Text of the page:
WIC Internships Inspire Lifelong Passions and Public Health Careers

May 3, 2016

What would it take to make you move your public health career forward? Would the ability to work and have a steady paycheck, while expanding your education level, motivate you to pursue a career that could afford you more? If not, what about the chance to combine your passion with the career you’ve always dreamed of? For many, the Georgia Department of Public Health (DPH) Special Supplemental Nutrition Program for Women, Infants, and Children (WIC) Dietetic Internship Program offers both and much more.

The DPH WIC Dietetic Internship Program aims to improve health outcomes of Georgians through the promotion of quality nutrition care practice by assisting qualified DPH employees in their quest to become registered dietitians (RD). Millicent Jones, RD, and Jamie Jones, RD, LD, CLD, no relation, are two recent graduates of the 2014-2015 dietetic internship program who have benefitted from the program.

As a child, Millicent Jones dreamed of becoming a nurse or a chef, but it was not until she was in college that she learned how to combine both to create a recipe for the perfect career.

“I loved the clinical setting, but also loved being in the kitchen and exploring new foods,” said Jones.  “When I was in college, I took an introduction to nutrition class that opened my eyes to the world of dietetics. I felt becoming a registered dietician was the perfect combination of my two passions.”

Walton County Health Department Clinical Nutritionist, Jamie Jones’ story is similar as her interest in nutrition also began at an early age.

“In high school I felt like I wanted to learn about nutrition; having multiple family members that were obese and overweight,” said Jones. “Originally I wanted to go in to sports nutrition to work with athletes. Since working in WIC, my passion has changed. Now I’m extremely passionate about breastfeeding, women having a healthy start with pregnancy and having a healthier children population in the future.”

Since 1992, approximately 240 Georgia WIC professionals have completed the supervised practice required by the program. According to Rhonda Tankersley, MPH, RD, LD, dietetic internship administrator, interns complete 504 supervised practice hours in community health and public health nutrition through planned experiences WIC, Babies Can’t Wait, Children 1st, and in community organizations such as Open Hands, Atlanta Regional Commission, Head Start and local community food banks.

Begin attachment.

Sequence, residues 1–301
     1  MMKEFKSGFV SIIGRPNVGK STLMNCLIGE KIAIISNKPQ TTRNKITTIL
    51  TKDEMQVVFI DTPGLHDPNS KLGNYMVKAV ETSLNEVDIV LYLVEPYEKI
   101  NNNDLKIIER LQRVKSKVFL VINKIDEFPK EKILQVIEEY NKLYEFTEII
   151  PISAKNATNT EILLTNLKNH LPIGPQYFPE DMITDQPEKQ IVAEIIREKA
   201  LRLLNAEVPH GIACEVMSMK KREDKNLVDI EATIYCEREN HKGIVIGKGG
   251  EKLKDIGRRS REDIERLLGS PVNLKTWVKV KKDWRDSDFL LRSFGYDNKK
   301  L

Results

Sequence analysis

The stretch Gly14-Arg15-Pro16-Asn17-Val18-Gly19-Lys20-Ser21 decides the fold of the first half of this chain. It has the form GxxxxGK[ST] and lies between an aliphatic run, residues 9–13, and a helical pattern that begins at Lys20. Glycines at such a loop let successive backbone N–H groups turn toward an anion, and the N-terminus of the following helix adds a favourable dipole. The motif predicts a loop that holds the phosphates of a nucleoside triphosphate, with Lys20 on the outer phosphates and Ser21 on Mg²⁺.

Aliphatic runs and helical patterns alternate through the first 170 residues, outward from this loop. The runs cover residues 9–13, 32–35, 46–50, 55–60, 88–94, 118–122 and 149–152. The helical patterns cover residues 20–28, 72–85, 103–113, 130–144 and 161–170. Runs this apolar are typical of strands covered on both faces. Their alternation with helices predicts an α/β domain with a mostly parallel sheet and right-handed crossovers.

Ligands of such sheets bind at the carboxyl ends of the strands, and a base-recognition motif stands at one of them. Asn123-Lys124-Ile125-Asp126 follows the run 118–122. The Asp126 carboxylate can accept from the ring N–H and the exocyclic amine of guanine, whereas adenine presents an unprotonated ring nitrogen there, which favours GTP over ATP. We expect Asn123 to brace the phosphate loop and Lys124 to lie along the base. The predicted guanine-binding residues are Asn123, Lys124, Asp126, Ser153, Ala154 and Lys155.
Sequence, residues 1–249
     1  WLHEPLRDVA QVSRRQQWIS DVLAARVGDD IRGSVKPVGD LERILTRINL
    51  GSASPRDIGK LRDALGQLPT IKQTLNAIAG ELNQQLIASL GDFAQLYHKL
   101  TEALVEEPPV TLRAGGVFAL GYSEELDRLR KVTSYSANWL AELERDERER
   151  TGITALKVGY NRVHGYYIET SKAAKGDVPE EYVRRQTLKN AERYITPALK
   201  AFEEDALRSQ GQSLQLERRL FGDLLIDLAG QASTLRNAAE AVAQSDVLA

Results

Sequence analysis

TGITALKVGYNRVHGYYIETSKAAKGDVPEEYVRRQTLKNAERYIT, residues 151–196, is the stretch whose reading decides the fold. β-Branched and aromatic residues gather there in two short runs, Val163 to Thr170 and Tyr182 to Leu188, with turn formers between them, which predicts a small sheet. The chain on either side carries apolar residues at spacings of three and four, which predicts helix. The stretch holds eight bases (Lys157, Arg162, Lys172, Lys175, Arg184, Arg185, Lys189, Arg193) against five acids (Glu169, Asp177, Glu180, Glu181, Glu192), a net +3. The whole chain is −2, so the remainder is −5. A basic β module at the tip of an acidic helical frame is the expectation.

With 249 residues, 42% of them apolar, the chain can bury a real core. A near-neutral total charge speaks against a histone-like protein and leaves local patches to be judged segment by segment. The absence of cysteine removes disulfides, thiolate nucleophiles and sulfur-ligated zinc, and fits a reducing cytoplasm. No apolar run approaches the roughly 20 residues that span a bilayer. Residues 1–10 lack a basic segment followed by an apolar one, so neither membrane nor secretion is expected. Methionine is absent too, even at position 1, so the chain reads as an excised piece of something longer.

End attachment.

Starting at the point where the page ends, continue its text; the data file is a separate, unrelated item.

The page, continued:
Another 504 hours are spent in clinical care which includes outpatient diabetes clinics, inpatient acute care in hospitals and long term care in nursing homes. The remaining 192 hours are spent in school food service with county or city school systems.

 “Our interns are all full-time WIC  district or county level employees who, for a year, work as interns three days per week and work in their respective positions the other two days, said Tankersley. “At the completion of the program, they return to their jobs full-time and are most often promoted to clinical or management positions in WIC at the county and/district levels.”

Three months after completing her internship, Millicent Jones was promoted to the clinical nutrition supervisor for the Lawrenceville WIC Program. When asked if the internship was beneficial Jones responded, “Absolutely, this gave me an opportunity to see so many different fields of nutrition that I never had a chance to interact with while working with WIC. I also had opportunity to see how these different fields of nutrition worked with WIC. I was also able to educate other RDs about WIC and what we do.”

The 2016-2017 DPH WIC Dietetic Internship Program runs from August to August. To learn more about the internship program, visit www.dph.georgia.gov/dietetic-internship.  Learn more about WIC by visiting www.wic.ga.gov.

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